By 1980 the rate of new specimens accessioned at the National Herbarium, Pretoria, reached a peak of 18 000 per year, reflecting the local enthusiasm for botanical collecting. Of concern is that, by 2010, the number of new accessions had dropped to 2 000 per year, a level last recorded in 1905. The transfer of energies from taxonomy to ecology has much to do with this, but an underlying cause of the demise of field collecting is the increasing weight of bureaucracy and legislation attending the simple practice of biodiversity inventory. The United Nations Convention on Biodiversity (CBD), for all its impressive outcomes, is victim of the unintended consequences of its policies on the control of access to biological material. Legislation has now so constrained collecting activities that the CBD might soon be recognised as the ‘dead hand on biodiscovery’.
Kirstenbosch National Botanical Garden Trip Planning Photo Gallery
Taxonomy – the science of classifying and naming organisms Until 1753, plants and animals were collected, preserved and described using long and often confusing, or difficult-to-catalogue, names – and all this in Latin, the universal language of the day.
By the early 18th century, plant and animal collections resulting from the exploration of Africa, Asia and the Americas were burgeoning, and there was an urgent need for an efficient and consistent system of classifying and naming the thousands of new specimens arriving in the museums, herbaria and universities of Europe. The science of classifying and naming organisms, known as taxonomy, was born. Taxonomy includes four components – classification; naming (nomenclature); the circumscription and description of species, genera, families, etc; and the production of identification tools. Closely related is the science of systematics, the study of the diversity of organisms and the relationships among them, which includes elements of evolution, phylogeny, population genetics and biogeography. Today the lines between taxonomy and systematics have merged as the implementation of molecular technologies has called for a greater synthesis of approaches.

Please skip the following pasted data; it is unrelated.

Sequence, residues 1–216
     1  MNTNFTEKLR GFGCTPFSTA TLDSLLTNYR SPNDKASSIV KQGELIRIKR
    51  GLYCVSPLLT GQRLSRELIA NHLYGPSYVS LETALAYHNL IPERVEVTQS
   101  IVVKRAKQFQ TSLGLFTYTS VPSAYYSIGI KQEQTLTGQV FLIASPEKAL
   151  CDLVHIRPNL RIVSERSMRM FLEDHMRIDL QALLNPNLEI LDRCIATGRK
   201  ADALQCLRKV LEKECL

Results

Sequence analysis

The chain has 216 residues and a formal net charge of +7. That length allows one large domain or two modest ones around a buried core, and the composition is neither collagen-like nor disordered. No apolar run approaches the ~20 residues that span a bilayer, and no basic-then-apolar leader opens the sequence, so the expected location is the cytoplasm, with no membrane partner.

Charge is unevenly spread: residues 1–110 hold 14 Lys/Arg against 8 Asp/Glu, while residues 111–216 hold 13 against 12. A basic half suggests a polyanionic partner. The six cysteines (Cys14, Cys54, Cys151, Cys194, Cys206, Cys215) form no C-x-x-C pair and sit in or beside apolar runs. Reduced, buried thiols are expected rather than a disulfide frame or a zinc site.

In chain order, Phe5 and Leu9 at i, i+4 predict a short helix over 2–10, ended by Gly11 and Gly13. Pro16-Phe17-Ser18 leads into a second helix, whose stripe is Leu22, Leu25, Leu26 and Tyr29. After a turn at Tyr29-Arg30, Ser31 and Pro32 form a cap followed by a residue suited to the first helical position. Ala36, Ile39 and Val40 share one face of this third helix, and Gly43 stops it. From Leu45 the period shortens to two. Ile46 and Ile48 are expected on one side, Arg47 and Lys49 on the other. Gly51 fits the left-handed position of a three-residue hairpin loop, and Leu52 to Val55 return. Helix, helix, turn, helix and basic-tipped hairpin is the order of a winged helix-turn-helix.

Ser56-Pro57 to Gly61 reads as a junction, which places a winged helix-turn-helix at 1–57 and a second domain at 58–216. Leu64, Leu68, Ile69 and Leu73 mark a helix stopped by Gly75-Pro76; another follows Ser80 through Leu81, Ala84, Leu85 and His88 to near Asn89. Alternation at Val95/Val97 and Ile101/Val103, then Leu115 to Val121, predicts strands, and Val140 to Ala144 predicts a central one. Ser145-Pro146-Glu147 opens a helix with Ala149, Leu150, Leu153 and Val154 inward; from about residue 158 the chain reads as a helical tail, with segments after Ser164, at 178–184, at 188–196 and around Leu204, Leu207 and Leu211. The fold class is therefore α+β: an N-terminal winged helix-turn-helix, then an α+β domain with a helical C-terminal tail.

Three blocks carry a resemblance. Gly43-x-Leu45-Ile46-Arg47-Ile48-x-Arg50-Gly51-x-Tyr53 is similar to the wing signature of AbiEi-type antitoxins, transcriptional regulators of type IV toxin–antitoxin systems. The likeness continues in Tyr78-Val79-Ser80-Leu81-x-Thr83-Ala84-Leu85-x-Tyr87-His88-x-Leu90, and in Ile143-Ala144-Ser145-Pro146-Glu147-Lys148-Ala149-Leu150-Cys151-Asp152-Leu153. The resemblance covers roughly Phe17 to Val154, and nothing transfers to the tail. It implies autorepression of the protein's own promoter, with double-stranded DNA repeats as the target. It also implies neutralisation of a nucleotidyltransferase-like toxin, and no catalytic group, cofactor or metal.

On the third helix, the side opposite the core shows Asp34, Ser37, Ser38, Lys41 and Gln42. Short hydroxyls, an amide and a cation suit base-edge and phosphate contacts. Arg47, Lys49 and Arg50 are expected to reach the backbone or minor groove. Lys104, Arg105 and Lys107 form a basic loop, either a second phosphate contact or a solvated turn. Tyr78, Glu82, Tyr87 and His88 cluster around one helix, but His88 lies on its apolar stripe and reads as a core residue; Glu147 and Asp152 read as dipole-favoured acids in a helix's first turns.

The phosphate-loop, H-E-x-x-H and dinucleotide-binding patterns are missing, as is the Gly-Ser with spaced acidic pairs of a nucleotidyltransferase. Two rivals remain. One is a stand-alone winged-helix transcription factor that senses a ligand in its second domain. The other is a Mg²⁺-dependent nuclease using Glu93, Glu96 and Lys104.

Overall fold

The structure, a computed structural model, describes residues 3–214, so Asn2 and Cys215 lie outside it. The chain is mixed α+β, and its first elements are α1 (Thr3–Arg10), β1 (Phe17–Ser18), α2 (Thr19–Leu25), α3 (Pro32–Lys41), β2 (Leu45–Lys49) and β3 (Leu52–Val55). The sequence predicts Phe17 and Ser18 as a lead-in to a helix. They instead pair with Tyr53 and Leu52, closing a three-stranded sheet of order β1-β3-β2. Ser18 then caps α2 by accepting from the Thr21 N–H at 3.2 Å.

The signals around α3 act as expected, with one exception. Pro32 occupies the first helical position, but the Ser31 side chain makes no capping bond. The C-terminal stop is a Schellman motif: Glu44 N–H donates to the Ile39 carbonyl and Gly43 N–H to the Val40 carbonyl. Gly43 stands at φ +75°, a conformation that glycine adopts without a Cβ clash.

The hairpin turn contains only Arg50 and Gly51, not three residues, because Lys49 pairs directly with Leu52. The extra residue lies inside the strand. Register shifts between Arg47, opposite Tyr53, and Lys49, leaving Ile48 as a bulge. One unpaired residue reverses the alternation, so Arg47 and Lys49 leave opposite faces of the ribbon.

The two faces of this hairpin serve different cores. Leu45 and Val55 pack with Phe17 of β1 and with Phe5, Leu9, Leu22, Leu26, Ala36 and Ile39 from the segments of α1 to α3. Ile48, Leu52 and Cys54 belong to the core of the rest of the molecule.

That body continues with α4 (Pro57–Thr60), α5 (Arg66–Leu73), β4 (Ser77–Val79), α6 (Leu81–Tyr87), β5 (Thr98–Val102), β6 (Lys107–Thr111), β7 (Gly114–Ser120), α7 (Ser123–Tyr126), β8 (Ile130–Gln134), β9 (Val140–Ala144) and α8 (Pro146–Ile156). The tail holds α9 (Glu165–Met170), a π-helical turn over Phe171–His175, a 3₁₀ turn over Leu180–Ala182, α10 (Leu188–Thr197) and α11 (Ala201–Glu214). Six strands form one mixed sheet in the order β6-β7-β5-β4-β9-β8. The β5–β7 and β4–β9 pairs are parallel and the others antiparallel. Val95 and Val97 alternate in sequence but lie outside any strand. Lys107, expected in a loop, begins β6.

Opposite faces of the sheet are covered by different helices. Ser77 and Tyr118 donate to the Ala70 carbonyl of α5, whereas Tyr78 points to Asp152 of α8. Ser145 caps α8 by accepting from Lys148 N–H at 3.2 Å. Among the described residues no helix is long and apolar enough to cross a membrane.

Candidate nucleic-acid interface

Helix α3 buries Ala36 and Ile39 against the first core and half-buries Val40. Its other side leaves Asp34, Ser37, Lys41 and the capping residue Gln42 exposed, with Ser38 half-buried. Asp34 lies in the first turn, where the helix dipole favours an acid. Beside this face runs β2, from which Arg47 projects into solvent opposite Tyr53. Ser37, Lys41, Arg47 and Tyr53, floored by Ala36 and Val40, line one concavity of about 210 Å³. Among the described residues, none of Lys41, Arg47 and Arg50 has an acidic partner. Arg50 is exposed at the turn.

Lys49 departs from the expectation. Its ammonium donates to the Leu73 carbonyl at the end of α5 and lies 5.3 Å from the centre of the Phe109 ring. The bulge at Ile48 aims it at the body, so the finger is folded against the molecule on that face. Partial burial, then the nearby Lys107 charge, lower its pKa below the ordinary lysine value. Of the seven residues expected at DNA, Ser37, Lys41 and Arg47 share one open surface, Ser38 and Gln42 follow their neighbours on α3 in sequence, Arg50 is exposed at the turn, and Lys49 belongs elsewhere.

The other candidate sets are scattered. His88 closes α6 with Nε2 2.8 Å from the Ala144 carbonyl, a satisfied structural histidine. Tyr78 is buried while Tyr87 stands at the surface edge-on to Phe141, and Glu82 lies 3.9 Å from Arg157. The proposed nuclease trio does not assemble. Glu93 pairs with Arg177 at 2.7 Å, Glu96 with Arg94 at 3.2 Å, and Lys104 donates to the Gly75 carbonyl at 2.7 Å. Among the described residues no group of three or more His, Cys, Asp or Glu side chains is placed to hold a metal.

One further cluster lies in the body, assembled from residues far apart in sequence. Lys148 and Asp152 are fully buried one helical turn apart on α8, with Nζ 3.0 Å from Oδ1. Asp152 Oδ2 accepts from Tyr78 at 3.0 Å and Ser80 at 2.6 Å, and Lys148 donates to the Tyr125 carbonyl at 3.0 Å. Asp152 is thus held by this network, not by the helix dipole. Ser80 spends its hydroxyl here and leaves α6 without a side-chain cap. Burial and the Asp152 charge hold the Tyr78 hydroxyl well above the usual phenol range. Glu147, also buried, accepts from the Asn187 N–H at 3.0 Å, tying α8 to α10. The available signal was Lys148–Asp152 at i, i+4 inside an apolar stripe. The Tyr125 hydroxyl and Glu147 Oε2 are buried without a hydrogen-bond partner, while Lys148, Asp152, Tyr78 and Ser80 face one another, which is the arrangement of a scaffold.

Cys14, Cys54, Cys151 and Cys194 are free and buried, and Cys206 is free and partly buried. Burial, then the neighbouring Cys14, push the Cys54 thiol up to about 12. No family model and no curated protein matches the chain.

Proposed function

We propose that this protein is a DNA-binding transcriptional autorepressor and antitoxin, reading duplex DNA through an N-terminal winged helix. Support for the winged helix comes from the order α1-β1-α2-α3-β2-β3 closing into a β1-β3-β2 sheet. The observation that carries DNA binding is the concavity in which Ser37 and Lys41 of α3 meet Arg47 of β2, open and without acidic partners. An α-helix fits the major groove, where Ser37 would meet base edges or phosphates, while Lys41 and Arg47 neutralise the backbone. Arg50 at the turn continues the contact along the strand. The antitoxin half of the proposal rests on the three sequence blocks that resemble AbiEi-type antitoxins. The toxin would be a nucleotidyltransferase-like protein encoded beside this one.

Carolus Linnaeus The father of modern taxonomy: Swedish naturalist Carolus Linnaeus (1707-1778) The father of modern taxonomy was the Swedish naturalist Carolus Linnaeus (1707-1778). Linnaeus revolutionised plant taxonomy with his so-called ‘sexual system’, based on the number and arrangement of the reproductive organs, the stamens and pistils. Linnaeus created a large number of genera and assigned each species to a genus. Today, taxonomists group genera into families, families into orders, orders into classes and classes into divisions within the Plant Kingdom
It is certainly thanks to the great Linnaeus that we have an orderly arrangement of our knowledge of global biodiversity. Few words can better express an appreciation for the Cape’s flora, than those in a letter from Linnaeus to Governor Tulbagh written in the mid-18th century:
‘May you be fully aware of your fortunate lot in being permitted by the Supreme Disposer of events to inhabit, but also enjoy the sovereign control of that Paradise on Earth, the Cape of Good Hope, which the Beneficent Creator has enriched with His choicest wonders. Certainly if I were at liberty to change my fortune for that of Alexander the Great, or of Solomon, Croesus or Tulbagh, I should without hesitation prefer the latter. ’
A ‘species’ is the most fundamental level of classification – it is the building block of any analysis of biodiversity. In its simplest definition, members of a species can interbreed with one another, but not with other species. Next up the hierarchy of taxonomy is the genus – a grouping of similar, closely related species. The genus is a somewhat subjective category, leading to much debate among taxonomists and to confusion for those foreign to the arcane principles of taxonomy, or to the bizarre International Code of Botanical Nomenclature. Essentially, a genus is the ensemble of its component species and, likewise, a plant family is the ensemble of its component genera.